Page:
As a Korean-American foodie who resides in West Oakland, I’m lucky that there’s a slew of fine eateries not too far from our home all along Telegraph Avenue in Temescal.
For centuries, brewers have given farmers leftover grain to use as animal feed without any problems. So why is the FDA currently trying to regulate it?
As part of a bid to reduce wasted food, two former college roommates have come up with Leftover Swap, an app in which you post photos of leftovers for other users to claim.
If you’re anything like me, you can stand to eat Thanksgiving leftovers as is for one, maybe two days after the holiday. What, then, to do with the other six million pounds of leftovers that have suddenly taken over a whole shelf in the refrigerator? Remix them!
Nothing says comfort food like a chicken pot pie. After all, this relative of the savory meat pasty contains the homiest of ingredients: butter crust and gravy (oh yeah, and chicken too). As I mentioned last week, making a pot pie is a great way to use leftovers from a roasted chicken. But you shouldn’t think of this dish as only a method for getting rid of that dark meat or white meat no one wanted on baked chicken night. After all, pot pies — with gravy bubbling out of the cracks of their buttery crusts — are so good that I often roast a chicken simply so we can have pot pies the next day. And, unlike other dishes, this meal tops the favorites list for both kids and adults alike, so everyone is happy on chicken pot pie night.
My Creamy Chicken and Rice Casserole is a good example for how this type of dish can really stretch your food dollar. Whether you use leftovers from a previous night’s dinner or start from scratch, you only need to use about half the meat you would normally serve your family because the rice adds substantially to the dish. And, with some local onions and mushrooms added into the mix, it is ample enough to feed a family of 4-6 people while costing less than $15 to make. Truly the perfect savory mid-winter meal.
My daughters love to go to the farmers’ market with me to pick out the vegetables that look the most appealing to them that week (although this is not as much fun as the bounce house they have there). During our visit last week, my kids were intrigued by the small globe squash and eggplant available at one of my favorite stands. They thought they looked like little vegetable planets and started deciding which one was Venus and which was Jupiter. If there’s anything better than “cool” vegetables, it’s vegetables that make my kids think, so obviously I bought two bags. As I handed over my money, I realized that in addition to the minor science lesson, this was the perfect opportunity to make one of my favorite summer dishes: stuffed squash and eggplant.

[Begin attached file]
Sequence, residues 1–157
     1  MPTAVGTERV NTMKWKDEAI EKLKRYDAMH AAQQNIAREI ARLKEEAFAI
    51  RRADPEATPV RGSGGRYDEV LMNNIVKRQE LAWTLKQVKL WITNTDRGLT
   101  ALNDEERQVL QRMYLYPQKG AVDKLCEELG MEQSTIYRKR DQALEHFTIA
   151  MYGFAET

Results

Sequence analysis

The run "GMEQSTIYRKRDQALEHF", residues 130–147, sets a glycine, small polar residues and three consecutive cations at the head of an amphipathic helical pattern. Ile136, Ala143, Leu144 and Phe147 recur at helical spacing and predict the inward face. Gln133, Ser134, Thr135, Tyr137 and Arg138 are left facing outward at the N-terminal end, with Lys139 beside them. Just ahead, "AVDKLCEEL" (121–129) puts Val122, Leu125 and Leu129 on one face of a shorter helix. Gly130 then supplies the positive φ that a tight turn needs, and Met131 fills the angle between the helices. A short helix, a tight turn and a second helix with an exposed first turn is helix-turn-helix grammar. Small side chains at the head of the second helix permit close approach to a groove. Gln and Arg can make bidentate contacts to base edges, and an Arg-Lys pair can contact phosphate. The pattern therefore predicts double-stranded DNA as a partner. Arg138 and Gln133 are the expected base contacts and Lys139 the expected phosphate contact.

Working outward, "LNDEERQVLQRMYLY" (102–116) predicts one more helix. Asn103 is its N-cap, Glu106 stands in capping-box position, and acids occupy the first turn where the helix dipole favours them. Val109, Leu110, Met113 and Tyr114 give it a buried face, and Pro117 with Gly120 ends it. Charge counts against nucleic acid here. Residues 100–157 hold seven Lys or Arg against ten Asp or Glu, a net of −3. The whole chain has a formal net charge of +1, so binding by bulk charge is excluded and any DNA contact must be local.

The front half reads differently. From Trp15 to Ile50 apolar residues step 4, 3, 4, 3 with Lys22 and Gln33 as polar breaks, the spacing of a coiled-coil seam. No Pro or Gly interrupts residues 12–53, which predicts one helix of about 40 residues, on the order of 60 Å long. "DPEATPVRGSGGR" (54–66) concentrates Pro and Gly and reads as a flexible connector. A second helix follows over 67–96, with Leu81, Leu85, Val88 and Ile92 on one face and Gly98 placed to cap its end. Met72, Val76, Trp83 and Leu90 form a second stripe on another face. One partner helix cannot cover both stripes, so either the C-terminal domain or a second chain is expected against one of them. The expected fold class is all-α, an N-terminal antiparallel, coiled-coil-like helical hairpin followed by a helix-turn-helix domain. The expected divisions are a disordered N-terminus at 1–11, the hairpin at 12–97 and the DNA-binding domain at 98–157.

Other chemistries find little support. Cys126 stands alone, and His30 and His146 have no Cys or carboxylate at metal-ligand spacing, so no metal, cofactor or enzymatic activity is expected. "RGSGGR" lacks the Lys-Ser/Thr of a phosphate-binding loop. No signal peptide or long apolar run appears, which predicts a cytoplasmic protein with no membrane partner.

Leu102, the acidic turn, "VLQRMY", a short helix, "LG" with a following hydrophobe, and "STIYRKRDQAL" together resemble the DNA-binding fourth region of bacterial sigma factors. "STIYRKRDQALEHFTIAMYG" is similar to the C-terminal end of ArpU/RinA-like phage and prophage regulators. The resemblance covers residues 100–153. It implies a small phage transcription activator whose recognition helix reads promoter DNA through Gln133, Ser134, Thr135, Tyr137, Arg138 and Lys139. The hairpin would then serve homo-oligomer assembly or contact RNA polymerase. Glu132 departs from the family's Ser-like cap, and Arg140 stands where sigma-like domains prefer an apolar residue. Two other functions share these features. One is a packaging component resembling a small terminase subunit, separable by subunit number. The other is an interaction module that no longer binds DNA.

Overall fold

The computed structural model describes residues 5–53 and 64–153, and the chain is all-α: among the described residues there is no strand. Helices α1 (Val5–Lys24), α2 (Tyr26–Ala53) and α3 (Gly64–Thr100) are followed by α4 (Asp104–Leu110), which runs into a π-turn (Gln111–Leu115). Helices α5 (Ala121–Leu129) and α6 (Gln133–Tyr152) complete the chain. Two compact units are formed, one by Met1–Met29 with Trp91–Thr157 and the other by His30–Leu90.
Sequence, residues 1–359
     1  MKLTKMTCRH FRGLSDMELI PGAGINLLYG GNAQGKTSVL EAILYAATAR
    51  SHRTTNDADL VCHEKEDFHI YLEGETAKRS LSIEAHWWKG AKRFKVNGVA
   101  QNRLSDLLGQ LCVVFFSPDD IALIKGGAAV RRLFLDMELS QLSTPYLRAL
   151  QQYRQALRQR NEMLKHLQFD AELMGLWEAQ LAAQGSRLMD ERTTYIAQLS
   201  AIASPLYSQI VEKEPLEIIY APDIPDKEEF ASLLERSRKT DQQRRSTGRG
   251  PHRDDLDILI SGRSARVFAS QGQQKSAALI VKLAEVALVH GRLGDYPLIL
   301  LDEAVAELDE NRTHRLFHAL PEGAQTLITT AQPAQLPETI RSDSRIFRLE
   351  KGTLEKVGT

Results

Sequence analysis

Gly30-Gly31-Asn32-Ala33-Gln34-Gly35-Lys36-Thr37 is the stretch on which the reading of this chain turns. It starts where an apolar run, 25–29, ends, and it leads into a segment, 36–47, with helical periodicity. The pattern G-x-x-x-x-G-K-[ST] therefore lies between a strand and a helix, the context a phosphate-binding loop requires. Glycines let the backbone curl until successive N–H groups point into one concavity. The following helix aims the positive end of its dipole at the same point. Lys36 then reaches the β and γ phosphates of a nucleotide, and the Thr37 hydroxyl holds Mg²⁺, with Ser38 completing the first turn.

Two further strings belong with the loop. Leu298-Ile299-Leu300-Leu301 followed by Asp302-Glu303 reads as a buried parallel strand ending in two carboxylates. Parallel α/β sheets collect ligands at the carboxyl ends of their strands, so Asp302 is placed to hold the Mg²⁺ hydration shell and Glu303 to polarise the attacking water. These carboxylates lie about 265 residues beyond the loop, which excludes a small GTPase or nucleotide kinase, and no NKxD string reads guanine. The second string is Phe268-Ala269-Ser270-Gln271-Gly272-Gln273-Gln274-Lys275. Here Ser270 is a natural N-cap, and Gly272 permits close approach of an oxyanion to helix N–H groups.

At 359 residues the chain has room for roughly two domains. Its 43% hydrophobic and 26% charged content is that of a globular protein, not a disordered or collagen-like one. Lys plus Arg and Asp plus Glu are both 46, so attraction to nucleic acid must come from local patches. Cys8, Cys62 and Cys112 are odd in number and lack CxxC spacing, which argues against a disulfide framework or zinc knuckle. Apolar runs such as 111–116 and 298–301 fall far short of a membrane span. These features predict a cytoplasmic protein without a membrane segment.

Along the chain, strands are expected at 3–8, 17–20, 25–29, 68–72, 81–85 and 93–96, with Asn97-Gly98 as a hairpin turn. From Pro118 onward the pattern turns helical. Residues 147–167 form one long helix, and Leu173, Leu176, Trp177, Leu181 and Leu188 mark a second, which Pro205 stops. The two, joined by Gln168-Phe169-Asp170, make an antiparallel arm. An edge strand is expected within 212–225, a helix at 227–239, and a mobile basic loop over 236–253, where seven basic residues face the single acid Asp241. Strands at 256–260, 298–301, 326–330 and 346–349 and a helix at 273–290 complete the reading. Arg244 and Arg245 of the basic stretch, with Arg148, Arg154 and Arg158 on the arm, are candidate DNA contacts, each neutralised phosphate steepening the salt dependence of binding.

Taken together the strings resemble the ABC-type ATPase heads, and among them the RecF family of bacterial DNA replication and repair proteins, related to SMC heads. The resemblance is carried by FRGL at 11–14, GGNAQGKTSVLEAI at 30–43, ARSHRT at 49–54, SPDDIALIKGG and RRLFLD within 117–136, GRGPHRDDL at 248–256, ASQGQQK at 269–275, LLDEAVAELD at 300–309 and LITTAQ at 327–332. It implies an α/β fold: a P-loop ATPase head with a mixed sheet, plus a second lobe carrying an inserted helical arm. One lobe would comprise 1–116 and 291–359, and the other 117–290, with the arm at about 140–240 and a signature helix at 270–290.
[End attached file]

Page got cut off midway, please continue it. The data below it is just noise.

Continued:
One of the things I love about cooking around the holidays is experimenting with all the ingredients in my refrigerator. Although I have a great time planning our Christmas Eve, Christmas, and New Year’s feasts, I think I enjoy the impromptu ones even more. Take Christmas breakfast this year: although I had every intention of making cinnamon rolls the night before Christmas so we could have freshly-baked ooey gooey deliciousness in the morning, an ill-timed head cold forced me to bed early. So there we were, Christmas morning with no buns. What we did have, however, was a fridge full of fresh and luxurious holiday ingredients.
On my way home from Thanksgiving dinner, I walked down Capp Street in the Mission, fully bloated and lightly buzzed from an over abundance of great food, good wine, and a mild case of self-satisfaction over having won two games of Celebrity. I had just spent the past eight hours feasting and laughing with friends. […]
Happy Thanksgiving! This is my favorite holiday of the year (ok, I love Christmas too) because it’s a time when I get together with my friends and prepare a delicious feast (always a good thing in my book), and look back over the past year and think about how lucky and grateful I am for […]